If his ankle can hold up, the thought of a pissed off Jimmy Butler fighting for his playoff life makes me excited. That version of Butler hasn’t been necessary to this degree, until now. If he can put some pressure on the Lakers back line and open up his shooters, Miami will have a chance, they just can’t shoot 11-35 from deep two games in a row. Butler registered 23 points in Game 1 but only attempted 13 shots and five free-throws. He needs to double those numbers Friday night.

Anthony Davis: Finals MVP?

Following a 34-point, 9-rebound, 5-assist outing in Game 1, Anthony Davis positioned himself perfectly to eventually take home Finals MVP honors. While his teammate LeBron James posted an equally respectable 25 points, 13 rebounds, and nine assists, Davis is set up for continued success. The absence of Adebayo will open up an entire area of the floor that was previously under constant patrol. Davis has loved his mid-range jumper during the playoffs but should now have zero issues getting to the rim in Game 2 if he so chooses. Another 30-point showing feels inevitable. I wouldn’t shy away from saying he goes for 40.

He even gave us a taste of what’s to come. With Adebayo off the court in Game 1, Davis was sprinting up the court every time he knew a rebound wasn’t his, particularly if someone such like LeBron or Rondo corralled it. Immediately, Davis would back down the nearest Heat defender in the paint, clearing out space and begging for a pass to his outstretched arm. On several possessions, the Lakers scored straight out of this heads-up action. Before Miami could establish its defense, Davis had a mismatch less than 10-feet from the basket and the rest of the defense ball-watching from halfcourt.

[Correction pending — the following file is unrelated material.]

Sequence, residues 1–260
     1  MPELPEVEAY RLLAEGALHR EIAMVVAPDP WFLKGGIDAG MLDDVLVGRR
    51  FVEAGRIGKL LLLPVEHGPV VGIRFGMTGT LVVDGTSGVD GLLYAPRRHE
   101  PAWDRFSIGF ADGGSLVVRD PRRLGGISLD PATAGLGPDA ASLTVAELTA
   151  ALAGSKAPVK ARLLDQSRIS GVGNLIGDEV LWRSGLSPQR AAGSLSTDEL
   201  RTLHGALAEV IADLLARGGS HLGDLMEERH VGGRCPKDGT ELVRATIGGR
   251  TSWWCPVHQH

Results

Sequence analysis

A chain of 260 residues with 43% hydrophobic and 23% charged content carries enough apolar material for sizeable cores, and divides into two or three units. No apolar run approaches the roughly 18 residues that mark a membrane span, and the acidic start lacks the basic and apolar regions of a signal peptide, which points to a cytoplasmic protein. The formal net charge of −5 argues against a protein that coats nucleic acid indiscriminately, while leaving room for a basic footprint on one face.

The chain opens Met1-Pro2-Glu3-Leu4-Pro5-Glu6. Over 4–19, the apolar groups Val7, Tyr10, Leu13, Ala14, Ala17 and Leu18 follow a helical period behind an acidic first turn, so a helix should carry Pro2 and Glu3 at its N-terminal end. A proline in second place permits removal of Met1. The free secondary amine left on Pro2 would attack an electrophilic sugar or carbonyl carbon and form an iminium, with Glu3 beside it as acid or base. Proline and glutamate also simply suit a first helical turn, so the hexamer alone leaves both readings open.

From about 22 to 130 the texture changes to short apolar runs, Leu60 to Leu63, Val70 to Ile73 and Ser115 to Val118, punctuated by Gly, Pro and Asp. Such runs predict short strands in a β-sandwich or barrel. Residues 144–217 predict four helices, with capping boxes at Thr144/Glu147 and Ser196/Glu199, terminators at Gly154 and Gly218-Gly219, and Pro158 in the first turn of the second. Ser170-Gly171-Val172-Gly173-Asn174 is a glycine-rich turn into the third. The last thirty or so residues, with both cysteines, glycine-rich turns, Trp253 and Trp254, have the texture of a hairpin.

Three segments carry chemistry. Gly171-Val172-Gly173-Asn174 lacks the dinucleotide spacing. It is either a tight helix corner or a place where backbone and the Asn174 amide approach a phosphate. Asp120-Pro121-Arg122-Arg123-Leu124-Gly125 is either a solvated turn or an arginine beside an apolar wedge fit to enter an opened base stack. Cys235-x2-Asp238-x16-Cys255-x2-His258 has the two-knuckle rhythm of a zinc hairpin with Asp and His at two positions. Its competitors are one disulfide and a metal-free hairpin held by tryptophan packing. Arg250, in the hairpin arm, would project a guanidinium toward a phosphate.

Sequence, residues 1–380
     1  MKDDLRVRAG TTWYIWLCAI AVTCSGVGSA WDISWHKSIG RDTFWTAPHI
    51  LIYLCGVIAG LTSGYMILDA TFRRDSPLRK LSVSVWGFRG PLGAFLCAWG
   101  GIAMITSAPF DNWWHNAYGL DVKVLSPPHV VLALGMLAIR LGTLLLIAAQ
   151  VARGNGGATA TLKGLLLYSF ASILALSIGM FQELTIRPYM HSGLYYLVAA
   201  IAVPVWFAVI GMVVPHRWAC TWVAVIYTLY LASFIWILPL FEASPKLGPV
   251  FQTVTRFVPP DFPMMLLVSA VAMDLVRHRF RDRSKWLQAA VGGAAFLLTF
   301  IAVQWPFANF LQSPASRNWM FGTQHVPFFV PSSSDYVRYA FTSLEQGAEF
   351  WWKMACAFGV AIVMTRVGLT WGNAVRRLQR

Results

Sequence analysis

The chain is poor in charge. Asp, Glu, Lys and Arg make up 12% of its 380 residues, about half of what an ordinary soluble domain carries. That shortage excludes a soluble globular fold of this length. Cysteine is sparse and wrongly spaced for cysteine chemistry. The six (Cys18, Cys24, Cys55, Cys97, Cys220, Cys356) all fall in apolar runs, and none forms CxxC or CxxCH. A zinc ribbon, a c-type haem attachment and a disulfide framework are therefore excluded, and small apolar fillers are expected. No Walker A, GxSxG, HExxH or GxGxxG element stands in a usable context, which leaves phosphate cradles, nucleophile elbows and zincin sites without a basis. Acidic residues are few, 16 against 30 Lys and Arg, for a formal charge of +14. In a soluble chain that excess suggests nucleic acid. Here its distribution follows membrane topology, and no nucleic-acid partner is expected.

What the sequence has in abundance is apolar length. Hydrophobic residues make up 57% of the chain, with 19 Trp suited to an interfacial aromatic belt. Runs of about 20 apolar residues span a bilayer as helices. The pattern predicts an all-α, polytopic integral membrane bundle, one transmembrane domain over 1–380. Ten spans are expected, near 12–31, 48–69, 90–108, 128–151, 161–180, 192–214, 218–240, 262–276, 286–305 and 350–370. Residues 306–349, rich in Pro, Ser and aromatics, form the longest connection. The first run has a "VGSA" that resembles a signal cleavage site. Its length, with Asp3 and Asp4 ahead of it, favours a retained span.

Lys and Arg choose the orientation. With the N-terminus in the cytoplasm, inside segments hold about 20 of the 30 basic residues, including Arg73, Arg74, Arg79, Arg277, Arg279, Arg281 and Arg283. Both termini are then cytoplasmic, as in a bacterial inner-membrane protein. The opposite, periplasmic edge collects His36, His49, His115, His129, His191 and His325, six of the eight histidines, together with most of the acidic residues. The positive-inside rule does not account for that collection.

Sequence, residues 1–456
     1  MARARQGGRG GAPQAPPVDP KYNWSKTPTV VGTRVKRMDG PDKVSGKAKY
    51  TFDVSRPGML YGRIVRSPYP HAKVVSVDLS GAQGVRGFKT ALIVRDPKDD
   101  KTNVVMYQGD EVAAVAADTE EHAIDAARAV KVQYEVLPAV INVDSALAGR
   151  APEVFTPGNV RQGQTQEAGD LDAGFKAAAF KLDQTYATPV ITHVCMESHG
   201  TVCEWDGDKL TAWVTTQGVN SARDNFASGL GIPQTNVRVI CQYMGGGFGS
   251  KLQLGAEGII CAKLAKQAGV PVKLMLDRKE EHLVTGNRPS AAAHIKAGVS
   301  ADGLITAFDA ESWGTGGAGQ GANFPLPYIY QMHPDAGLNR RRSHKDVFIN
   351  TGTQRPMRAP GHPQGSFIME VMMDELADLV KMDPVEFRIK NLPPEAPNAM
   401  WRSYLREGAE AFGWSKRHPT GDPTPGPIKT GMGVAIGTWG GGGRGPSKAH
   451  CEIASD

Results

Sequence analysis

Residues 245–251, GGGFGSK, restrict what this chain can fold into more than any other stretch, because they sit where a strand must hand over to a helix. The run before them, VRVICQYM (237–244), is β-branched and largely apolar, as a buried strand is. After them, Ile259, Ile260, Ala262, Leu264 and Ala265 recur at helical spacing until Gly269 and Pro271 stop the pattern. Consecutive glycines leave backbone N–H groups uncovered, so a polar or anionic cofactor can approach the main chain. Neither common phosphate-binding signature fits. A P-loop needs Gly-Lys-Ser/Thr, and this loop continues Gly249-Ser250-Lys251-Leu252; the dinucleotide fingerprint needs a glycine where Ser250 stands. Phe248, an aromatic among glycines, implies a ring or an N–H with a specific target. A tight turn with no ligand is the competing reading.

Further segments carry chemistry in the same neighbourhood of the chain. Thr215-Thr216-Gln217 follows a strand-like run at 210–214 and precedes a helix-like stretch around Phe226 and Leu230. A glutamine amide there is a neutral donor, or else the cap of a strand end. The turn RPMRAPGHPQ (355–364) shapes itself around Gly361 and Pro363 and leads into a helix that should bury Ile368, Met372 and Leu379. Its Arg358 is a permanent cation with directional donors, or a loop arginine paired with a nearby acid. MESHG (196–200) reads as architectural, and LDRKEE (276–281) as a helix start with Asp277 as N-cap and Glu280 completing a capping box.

Prediction: Lakers go up 2-0

I don’t believe I’ll be alone in this prediction. Without Dragic or Adebayo and a banged-up Butler, all of the momentum is trending towards the Lakers. Aside from the first six or so minutes of Game 1, they were locked in on both ends of the court. I’m going to keep an extra eye on Herro throughout and I would advise you do the same. Davis is going to have a monster night, but it’ll be the response of Herro after a poor Game 1 that I’ll be interested in, especially if he winds up as the starter.

Article written by Zack Geoghegan

Recruiting reporter for KSR. Follow me on Twitter: @ZGeogheganKSR

1 Comment for BBNBA Finals Game 2 Preview: Can Miami respond without Adebayo?



  1. Billyjoe Jimbob
    7:02 pm October 2, 2020 Permalink

    Heat got no chance now. They were already in a matchup nightmare versus LA. Bam is the only one who can protect the rim. It will take Herro and Robinson to look like Clay and Stef to even make it close.